8. Get outside during the day for a few minutes
Amber Trueblood, a licensed marriage and family therapist and host of the Stretch Marks Podcast, noted that “spending time in the fresh air, preferably around trees, grass or sand ― without your phone in hand ― is incredibly helpful.”
She added that your “nervous system can better recalibrate when you’re in nature,” and being exposed to daylight can help regulate your mood, circadian rhythm and more.
Spending some time outside can help counteract some of the negative effects of doomscrolling. EYEWOLF VIA GETTY IMAGES
9. Clean up the list of accounts you’re following
Regine Muradian, a licensed clinical psychologist and mental health advocate, recommended that you “follow people on social media who inspire you and make you feel happy.”
“Make a list of things you enjoy and would like to learn more about. There are many influencers, professionals, and artists who have positive messages to share,” Muradian said. “By choosing to follow these people, you are making a healthy and feel-good choice.”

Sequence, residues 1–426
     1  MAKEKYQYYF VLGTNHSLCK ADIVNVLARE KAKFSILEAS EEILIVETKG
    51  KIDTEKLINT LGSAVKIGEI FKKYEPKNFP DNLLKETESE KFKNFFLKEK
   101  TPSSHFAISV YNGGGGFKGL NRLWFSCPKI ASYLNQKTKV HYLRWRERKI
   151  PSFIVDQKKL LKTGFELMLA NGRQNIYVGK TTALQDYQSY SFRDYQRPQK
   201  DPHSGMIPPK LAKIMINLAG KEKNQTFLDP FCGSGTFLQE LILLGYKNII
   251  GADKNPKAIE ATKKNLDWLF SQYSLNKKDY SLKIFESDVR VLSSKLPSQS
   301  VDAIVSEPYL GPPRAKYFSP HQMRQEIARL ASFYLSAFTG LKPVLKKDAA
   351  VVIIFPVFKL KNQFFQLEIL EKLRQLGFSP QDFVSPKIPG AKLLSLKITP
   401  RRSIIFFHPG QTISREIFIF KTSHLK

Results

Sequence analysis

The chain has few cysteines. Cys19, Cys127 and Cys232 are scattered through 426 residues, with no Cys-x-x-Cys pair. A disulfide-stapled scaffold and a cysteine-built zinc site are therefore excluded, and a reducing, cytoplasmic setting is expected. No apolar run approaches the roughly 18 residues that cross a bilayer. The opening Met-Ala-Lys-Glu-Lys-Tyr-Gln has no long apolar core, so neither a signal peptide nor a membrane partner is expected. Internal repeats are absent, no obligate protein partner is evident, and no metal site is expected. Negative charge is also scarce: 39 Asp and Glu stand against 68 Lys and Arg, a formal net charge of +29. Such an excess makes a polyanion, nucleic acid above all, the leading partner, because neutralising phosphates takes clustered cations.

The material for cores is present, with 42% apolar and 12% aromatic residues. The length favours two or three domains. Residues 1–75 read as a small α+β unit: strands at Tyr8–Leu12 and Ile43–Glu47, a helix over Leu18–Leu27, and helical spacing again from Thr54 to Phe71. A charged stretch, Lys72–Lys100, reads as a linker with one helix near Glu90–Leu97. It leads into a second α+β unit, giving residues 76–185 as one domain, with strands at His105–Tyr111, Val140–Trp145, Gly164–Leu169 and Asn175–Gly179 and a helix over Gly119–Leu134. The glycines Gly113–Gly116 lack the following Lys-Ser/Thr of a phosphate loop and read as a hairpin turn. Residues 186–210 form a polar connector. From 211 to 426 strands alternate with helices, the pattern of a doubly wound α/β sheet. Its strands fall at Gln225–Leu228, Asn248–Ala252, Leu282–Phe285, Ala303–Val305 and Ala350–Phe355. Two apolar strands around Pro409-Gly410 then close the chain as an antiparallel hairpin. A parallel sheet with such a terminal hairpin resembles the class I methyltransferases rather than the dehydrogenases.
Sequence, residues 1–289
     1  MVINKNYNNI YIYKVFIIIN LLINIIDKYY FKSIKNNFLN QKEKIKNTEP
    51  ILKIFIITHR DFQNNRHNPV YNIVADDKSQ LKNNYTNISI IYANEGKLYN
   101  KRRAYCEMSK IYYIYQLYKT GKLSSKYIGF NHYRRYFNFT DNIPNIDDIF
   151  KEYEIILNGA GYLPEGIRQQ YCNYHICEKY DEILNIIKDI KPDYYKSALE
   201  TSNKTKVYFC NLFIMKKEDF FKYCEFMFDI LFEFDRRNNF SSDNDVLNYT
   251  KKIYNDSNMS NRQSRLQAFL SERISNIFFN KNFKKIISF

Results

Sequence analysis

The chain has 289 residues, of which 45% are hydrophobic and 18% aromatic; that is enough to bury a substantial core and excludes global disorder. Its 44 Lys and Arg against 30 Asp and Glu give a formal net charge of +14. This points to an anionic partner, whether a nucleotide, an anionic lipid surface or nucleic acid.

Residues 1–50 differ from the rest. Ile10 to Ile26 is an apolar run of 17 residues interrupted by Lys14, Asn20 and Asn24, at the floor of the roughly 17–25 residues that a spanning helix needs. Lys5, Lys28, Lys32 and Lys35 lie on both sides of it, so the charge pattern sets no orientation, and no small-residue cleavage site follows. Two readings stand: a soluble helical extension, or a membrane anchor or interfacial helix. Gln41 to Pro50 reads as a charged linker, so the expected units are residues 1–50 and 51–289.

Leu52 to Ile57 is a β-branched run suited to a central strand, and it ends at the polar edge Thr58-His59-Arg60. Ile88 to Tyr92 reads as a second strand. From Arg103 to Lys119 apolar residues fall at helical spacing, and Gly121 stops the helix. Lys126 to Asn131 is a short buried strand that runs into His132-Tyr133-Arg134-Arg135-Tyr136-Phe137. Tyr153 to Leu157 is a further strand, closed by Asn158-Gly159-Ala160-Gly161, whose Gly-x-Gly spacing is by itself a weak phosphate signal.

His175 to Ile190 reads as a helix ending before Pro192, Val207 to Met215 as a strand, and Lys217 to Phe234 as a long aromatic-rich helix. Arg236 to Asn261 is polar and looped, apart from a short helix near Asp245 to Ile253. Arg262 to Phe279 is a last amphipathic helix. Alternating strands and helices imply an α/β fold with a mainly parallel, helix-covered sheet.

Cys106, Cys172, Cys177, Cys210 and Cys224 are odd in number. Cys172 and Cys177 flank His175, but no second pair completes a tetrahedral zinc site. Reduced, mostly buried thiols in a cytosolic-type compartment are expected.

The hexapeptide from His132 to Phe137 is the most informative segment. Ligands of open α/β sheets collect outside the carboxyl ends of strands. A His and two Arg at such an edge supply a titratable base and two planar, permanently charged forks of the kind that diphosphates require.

Stick with a handful of trustworthy news sources and flood your feed with more calming, funny or entertaining accounts. That way you’re able to break up the doom a little bit better.
10. Have a cut-off time at least an hour before bed
If that’s too hard, start by ending screen time 15 or 30 minutes before bed and slowly increase that to an hour or more. And this doesn’t give you permission to switch to Netflix: This goes for all devices.
“Technology impacts sleep quality in many ways and can keep your brain alert — preventing you from getting a restful night’s sleep,” Pavane said. “Eliminate blue light, aka screens, at least an hour before bedtime. Keep your phone and computer out of the bedroom as a best practice and prioritize your sleep routine. This also prevents you from scrolling the news late into the night.”